IS Auditor’s Role in Expert Systems
Well-designed questionnaires or software that integrates and reports on system parameters and data sets are available to assist IS auditors in reviewing these systems.
Other accounting-and auditing-related applications for expert systems include audit planning, internal control analysis, account attribute analysis, quality review, accounting decisions, tax planning and user training
An IS auditor needs to be concerned with
the controls relevant to these systems when used as an integral part of an organization’s business process or mission-critical functions,
and the level of experience or intelligence used as a basis for developing the software.
Specifically, an IS auditor should perform the following activities:
• Understand the
purpose and functionality of the system.
• Assess the system’s
to the organization and related businesses processes as well as the
associated potential risk.
• Review the
adherence of the system to corporate policies and procedures.
• Review the
decision logic built into the system to ensure that the expert knowledge or intelligence in the system is sound and accurate.
An IS auditor should ensure that the proper level of expertise was used in developing the basic assumptions and formulas.
procedures for updating information in the KB.
security access over the system, specifically the KB.
• Review procedures
to ensure that qualified resources are available for maintenance and upgrading
Industrial Control Systems see image 13
Industrial control system (ICS) is a general term that encompasses several types of control systems, including
supervisory control and data acquisition(SCADA) systems,
distributed control systems (DCS),
and other control system configurations such as
programmable logic controllers (PLC),
often found in the industrial sectors and critical infrastructures.
• Blocked or delayed flow of information through ICS networks, which could disrupt ICS operation
• Unauthorized changes to
commands or alarm thresholds,
damage, disable or shut down equipment,
create environmental impacts, and/or endanger human life
• Inaccurate information sent to system operators which could have various negative effects
, either to disguise unauthorized changes
or to cause the operators to initiate inappropriate actions,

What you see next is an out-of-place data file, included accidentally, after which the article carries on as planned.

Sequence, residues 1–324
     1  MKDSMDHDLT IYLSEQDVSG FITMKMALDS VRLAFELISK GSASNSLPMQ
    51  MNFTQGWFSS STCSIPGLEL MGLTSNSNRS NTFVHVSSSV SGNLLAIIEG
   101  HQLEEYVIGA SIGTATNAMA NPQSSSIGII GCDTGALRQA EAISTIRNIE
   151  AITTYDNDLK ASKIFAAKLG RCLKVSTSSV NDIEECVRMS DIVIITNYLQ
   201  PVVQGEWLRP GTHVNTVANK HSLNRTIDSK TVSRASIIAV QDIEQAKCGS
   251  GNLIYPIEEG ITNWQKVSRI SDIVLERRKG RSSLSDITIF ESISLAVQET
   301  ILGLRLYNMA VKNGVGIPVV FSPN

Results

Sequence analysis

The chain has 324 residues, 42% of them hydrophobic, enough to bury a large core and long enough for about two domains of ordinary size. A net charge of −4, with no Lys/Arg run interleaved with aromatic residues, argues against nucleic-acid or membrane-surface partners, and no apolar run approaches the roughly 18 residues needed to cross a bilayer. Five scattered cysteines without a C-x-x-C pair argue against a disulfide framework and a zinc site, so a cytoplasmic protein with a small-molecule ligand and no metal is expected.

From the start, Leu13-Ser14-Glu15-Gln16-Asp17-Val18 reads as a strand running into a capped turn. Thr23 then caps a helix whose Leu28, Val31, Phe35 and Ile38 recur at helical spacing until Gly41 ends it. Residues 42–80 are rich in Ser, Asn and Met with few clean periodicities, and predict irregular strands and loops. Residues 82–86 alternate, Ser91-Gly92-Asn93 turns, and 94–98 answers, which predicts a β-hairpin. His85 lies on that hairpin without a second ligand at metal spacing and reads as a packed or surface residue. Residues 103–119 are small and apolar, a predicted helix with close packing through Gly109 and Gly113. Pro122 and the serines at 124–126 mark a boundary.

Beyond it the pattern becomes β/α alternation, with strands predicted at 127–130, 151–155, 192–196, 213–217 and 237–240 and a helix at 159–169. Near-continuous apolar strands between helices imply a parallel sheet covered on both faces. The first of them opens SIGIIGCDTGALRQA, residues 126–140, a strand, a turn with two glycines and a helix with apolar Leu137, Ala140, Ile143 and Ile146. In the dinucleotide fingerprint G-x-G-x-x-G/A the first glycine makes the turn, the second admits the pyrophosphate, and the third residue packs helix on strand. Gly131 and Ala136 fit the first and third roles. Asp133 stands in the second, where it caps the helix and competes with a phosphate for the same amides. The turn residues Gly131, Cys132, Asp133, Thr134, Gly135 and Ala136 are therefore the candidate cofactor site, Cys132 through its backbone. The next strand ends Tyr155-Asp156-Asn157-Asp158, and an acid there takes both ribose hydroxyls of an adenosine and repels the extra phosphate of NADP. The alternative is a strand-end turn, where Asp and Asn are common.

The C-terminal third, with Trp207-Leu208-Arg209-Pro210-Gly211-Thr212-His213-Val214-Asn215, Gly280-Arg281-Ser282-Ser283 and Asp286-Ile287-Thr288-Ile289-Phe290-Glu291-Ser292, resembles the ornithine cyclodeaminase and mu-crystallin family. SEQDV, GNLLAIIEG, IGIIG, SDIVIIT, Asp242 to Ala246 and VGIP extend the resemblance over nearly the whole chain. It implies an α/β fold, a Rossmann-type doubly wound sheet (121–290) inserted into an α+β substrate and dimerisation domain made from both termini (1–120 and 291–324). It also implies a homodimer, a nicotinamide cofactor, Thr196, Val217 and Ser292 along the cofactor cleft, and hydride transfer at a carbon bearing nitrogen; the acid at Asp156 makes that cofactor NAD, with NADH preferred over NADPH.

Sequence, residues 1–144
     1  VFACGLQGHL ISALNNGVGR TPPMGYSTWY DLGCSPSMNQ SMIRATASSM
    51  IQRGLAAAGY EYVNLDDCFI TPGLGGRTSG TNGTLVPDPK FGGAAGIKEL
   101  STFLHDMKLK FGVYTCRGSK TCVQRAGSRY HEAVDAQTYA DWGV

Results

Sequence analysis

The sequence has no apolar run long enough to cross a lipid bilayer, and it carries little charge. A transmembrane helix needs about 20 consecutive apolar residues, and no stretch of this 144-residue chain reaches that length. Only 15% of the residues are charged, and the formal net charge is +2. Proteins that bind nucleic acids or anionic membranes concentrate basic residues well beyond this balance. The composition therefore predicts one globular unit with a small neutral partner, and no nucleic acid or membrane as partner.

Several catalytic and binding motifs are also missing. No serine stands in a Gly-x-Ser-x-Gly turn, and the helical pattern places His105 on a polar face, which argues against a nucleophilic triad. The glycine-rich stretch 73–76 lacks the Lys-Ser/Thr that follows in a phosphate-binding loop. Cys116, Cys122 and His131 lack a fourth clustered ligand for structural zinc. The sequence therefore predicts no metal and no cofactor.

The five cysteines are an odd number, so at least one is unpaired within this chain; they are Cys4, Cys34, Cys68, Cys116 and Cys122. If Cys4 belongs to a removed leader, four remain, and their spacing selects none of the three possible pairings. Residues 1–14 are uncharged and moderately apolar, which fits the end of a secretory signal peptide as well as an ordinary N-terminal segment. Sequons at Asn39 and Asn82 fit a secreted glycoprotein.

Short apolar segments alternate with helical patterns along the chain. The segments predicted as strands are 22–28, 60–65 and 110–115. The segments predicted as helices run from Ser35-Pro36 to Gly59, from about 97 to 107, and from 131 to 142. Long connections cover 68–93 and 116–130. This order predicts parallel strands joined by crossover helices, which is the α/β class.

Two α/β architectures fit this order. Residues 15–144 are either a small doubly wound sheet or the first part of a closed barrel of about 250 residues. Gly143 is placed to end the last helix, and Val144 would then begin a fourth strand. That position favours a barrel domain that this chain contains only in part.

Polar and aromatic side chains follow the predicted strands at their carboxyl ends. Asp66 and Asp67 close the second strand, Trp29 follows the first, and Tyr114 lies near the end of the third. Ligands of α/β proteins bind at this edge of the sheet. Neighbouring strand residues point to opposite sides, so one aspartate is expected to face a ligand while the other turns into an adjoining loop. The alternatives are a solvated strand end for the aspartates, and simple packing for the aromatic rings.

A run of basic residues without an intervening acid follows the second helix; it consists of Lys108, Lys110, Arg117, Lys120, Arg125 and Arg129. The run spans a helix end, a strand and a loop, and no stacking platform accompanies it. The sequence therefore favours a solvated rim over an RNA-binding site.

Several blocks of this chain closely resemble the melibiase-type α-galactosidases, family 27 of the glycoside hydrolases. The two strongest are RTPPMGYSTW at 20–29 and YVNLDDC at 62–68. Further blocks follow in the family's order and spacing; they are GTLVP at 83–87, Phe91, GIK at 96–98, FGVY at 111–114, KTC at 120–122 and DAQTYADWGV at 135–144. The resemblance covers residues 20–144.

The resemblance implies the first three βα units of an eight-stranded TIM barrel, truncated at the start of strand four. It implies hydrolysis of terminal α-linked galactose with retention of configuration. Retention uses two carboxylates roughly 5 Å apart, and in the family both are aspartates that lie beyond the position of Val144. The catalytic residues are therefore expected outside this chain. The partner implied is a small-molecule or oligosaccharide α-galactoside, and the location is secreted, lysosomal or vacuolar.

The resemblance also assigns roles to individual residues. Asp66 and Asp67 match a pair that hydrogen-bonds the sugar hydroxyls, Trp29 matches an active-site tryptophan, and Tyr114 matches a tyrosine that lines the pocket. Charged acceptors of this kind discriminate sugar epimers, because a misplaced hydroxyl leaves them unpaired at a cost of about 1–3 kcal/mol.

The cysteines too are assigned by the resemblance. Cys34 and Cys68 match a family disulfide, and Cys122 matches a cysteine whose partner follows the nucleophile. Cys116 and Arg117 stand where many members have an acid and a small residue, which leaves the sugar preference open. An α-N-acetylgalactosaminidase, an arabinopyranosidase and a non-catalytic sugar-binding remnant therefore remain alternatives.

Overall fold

• ICS software or configuration settings modified, or ICS software
infected with MALWARE
, which could have various negative effects
Interference with the operation of safety systems,
which could endanger human life
Restricting logical access to the ICS network and network activity. This includes
using a demilitarized zone (DMZ) network architecture with firewalls to prevent network traffic from passing directly between the corporate and ICS networks
and having separate authentication mechanisms and credentials for users of the corporate and ICS networks.
The ICS should also use a network topology that has multiple layers, with the most critical communications occurring in the most secure and reliable layer
Restricting physical access to the ICS network and devices.
Unauthorized physical access to components could cause serious disruption of the ICS’s functionality.
A combination of physical access controls should be used, such as locks, card readers and/or guards.
Protecting individual ICS components from exploitation. This includes ;
deploying security patches in as expeditious a manner as possible, after testing them under field conditions
disabling all unused ports and services;
restricting ICS user privileges
to only those that are required for each person’s role;
tracking and monitoring audit trails;
and using security controls such as antivirus software and file integrity checking software,
where technically feasible, to prevent, deter, detect and mitigate malware
Maintaining functionality during adverse conditions.
This involves designing the ICS so that
each critical component has a redundant counterpart.
Additionally, if a component fails, it should fail in a manner that does not generate unnecessary traffic on the ICS or other networks, or does not cause another problem elsewhere, such as a cascading event
Restoring the system after an incident. Incidents are inevitable, and an incident response plan is essential. .
A major characteristic of a good security program is how quickly a system can be recovered after an incident has occurred